A US military transport plane made a brief stopover yesterday morning in Taipei, drawing media attention and no comment from the American Institute in Taiwan (AIT) or the Ministry of Foreign Affairs.
A C-146A Wolfhound touched down at Taipei International Airport (Songshan airport) at 9:32am after flying from Kadena Air Force Base in Okinawa, Japan, Television Broadcasts Satellite (TVBS) reported.
Apart from regular landing procedures handled by the airport, the air force said that it had no contact with the aircraft.
Photo: Screen grab from Twitter
It was reportedly carrying a package for newly installed AIT Director Sandra Oudkirk, who is undergoing a 14-day quarantine after arriving in Taiwan on Monday, TVBS said.
Originally scheduled to stay for one hour, the plane departed 24 minutes early at 10:06am after delivering the package, it reported.
The US Air Force says that the C-146A Wolfhound is a modified version of the Dornier 328 commuter airliner used mostly to transport small teams and cargo for the US Special Operations Command.
Chinese Ministry of National Defense spokesman Colonel Wu Qian (吳謙) expressed “grave concern” over the visit, saying that any foreign military aircraft landing on Chinese territory must be approved by the People’s Republic of China.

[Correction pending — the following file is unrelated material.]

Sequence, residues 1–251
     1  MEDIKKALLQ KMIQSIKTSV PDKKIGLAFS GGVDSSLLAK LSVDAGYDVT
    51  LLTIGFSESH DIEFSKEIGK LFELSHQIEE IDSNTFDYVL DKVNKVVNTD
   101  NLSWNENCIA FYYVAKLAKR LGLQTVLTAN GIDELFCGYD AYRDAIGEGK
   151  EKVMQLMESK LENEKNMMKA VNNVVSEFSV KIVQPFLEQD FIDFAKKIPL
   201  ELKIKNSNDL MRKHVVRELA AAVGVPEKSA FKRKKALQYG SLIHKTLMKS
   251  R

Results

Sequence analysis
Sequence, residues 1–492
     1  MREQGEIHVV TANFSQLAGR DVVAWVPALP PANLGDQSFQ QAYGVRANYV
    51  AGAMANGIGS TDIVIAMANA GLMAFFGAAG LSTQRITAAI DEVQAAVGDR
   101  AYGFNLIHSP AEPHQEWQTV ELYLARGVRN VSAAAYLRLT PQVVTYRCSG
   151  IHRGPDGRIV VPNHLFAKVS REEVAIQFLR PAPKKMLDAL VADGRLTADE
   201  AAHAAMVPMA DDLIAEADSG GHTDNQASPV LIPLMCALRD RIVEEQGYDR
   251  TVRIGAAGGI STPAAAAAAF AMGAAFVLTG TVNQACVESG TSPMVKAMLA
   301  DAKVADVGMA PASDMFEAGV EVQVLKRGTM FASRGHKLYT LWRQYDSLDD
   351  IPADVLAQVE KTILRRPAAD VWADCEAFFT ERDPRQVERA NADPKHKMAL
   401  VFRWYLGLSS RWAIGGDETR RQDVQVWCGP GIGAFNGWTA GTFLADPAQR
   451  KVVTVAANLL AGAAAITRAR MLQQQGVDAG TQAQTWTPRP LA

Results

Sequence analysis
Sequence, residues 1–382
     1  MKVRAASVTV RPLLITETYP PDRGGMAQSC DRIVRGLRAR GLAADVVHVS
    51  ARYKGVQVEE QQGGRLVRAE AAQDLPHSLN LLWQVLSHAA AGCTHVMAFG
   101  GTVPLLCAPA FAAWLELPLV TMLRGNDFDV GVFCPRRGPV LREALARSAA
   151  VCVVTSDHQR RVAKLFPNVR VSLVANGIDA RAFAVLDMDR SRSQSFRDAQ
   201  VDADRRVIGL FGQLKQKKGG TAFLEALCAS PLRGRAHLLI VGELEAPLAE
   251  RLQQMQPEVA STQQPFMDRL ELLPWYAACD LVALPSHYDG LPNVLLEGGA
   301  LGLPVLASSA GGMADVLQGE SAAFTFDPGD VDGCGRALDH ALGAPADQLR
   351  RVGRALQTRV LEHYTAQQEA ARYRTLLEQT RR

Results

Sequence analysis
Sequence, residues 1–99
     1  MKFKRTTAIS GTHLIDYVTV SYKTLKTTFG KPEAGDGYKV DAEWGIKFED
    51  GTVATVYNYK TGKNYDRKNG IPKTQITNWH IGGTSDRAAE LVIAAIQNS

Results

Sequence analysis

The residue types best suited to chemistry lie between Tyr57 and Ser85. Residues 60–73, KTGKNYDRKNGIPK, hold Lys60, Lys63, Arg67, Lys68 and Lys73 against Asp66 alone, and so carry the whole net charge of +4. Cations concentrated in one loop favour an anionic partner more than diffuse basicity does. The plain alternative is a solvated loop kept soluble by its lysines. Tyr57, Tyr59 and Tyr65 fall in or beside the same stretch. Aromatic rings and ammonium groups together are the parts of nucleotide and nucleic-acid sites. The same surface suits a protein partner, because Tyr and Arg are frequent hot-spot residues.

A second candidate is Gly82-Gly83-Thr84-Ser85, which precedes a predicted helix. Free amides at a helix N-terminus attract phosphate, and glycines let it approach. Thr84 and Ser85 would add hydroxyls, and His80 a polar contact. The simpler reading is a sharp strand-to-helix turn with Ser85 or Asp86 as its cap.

The US must cease playing with fire, as it would only draw Taiwan into a dangerous situation, Wu said in a statement on the ministry’s Web site.
“The Chinese People’s Liberation Army is on high alert and will take all necessary measures to resolutely crush any designs on ‘Taiwanese independence,’” he added.
China’s Taiwan Affairs Office (TAO) spokeswoman Zhu Fenglian (朱鳳蓮) urged the US to abide by the Three Joint Communiques and stop further provocative action.
Democratic Progressive Party Legislator Wang Ting-yu (王定宇), who serves on the legislature’s National Defense and Foreign Affairs Committee, confirmed the visit on Facebook, but declined to comment on its intent.
Regardless of what the aircraft came to do, its significance lies in the fact of its arrival, Wang said.
How the US interacts with Taiwan “is our business,” he said.
“No one else has the right to intervene,” Wang added.
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